Integrated Pest Management (IPM) is the careful consideration of all available pest control techniques and appropriate measures to discourage the development of pest populations and keep pesticides and other interventions to levels that are economically justified and reduce risks to human health and the environment.
In laymen’s terms, Integrated Pest Management is about stopping problems before they happen. It is a proactive, holistic approach to pests, pesticides, and other factors. In this article about IPM, we interview Jordan Mello, master grower for In Good Health located in Brockton, Massachusetts.
Why use IPM?
Growers are legally limited in the kind of pesticides they are allowed to use. Since the majority of pesticides are managed and controlled by the federal government, and cannabis is a Schedule 1 drug in the eyes of the federal government, there are very few pesticides that are allowed for use in cannabis. The pesticides that are allowed typically fall outside the domain of EPA-regulated pesticides. These pesticides are generally referred to as “minimum-risk” pesticides, or tolerance-exempt pesticides.
Because of these limitations, a more proactive approach to pest management is required to keep cannabis pest-free. That’s where IPM comes in — by actively monitoring plants and quickly responding to threats, growers can avoid situations where the EPA-restricted pesticides might be necessary.
All employees who enter In Good Health’s grow area must change out of their street clothes and into scrubs. They are also supplied with in-house shoes, gloves, and hairnets. To avoid contaminating separate rooms, employees are required to change their clothing, shoes, and other equipment when they enter a different grow room.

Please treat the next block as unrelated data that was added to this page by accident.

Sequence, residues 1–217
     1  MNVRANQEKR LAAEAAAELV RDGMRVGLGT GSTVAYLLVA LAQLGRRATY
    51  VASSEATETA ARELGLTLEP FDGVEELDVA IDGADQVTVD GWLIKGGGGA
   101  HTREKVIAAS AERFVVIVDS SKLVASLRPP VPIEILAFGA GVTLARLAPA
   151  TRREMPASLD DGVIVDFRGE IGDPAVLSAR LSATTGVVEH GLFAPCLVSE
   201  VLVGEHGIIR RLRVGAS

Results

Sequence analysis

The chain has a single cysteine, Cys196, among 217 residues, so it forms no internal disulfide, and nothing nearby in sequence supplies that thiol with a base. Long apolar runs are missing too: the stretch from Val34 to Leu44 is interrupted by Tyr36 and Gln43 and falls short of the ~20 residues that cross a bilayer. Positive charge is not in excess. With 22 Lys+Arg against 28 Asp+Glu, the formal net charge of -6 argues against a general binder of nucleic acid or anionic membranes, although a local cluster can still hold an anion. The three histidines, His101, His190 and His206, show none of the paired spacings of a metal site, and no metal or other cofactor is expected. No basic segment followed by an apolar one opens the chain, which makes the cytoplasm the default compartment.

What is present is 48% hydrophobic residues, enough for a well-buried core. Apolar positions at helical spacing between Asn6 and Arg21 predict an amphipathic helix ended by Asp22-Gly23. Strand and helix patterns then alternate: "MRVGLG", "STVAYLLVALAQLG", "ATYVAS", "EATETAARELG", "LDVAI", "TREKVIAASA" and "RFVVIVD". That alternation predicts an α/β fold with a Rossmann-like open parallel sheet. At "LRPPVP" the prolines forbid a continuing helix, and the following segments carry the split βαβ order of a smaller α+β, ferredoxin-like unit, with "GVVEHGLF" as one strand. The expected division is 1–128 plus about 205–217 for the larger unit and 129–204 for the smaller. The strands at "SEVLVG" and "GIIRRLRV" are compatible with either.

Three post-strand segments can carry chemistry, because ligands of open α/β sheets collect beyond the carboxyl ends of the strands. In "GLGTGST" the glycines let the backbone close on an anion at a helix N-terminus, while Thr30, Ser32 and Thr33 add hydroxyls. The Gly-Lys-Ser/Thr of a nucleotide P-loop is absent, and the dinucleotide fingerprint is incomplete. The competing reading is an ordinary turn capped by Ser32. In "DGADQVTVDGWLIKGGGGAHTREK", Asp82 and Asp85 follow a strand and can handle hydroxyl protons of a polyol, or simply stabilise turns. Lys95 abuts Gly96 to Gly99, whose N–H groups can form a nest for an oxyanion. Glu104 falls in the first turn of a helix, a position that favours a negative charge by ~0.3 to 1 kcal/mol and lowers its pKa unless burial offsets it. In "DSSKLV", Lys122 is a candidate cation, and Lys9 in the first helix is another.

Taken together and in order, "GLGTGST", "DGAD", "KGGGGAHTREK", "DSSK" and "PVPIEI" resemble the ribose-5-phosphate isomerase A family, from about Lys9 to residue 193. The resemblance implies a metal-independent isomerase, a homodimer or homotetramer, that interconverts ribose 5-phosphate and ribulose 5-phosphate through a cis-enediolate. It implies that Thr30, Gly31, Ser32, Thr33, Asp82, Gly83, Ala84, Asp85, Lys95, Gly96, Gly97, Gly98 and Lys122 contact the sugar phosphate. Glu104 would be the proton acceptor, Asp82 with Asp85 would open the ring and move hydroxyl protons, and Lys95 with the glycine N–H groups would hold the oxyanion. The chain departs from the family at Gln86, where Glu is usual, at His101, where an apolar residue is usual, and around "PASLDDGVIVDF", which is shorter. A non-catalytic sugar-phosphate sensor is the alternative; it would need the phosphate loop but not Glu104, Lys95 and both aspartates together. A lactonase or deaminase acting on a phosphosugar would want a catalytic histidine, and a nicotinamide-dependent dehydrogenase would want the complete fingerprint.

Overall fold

In addition to standard employee practices, Mello regularly inspects his plants for any sign of pests. He also inspects their water tanks, flushes, and other equipment to make sure that nothing is out of alignment.
When pests are found, they are immediately dealt with. Mello uses appropriate amounts of pesticide for the right pests. For example,
- With thrips, Mello uses spinosad in combination with Azagard.
- With spider mites, Mello uses Azamax.
- When Mello encounters powdery mildew, he uses a combination of Procidic and ZeroTol.
IPM in Massachusetts
Massachusetts IPM law mandates the use of organic pesticides only. Synthetic pesticides are not allowed. This means that growers in Massachusetts must adhere to the USDA standards for organic produce. Massachusetts law also requires microbiological screens and heavy metal testing. This makes IPM more difficult, because the microbio screens hamper the ability of growers to use biopesticides, or beneficial bacteria and fungi.
As part of enforcing these rules, Massachusetts subjects all growers to two site visits per month. One is announced, but the other is random. The inspectors go through the entirety of the grow operation, inspect equipment and plants, ask for MSDS (material safety data sheets) and SOPs (standard operating procedures), and more.
How to Integrate IPM into a Grow Operation
Start with design. Jumping in headlong and expecting good results will not end well. If you don’t know what you’re doing, meet with expert consultants like urban-gro. Just be warned that you need to have a critical eye and pick your “experts” carefully.
From there it’s a matter of going over every weakness point in your setup. How are pests getting in? Are there structural deficiencies? What are you doing to reduce bringing in outside pests? How do you clean and sterilize for pests that are already inside? Is your humidity just right? How about your cooling systems? What procedures should employees follow?
All these factors need to be considered, and then you can [re]design your facilities appropriately.
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This article has been paraphrased with permission from Growers Network.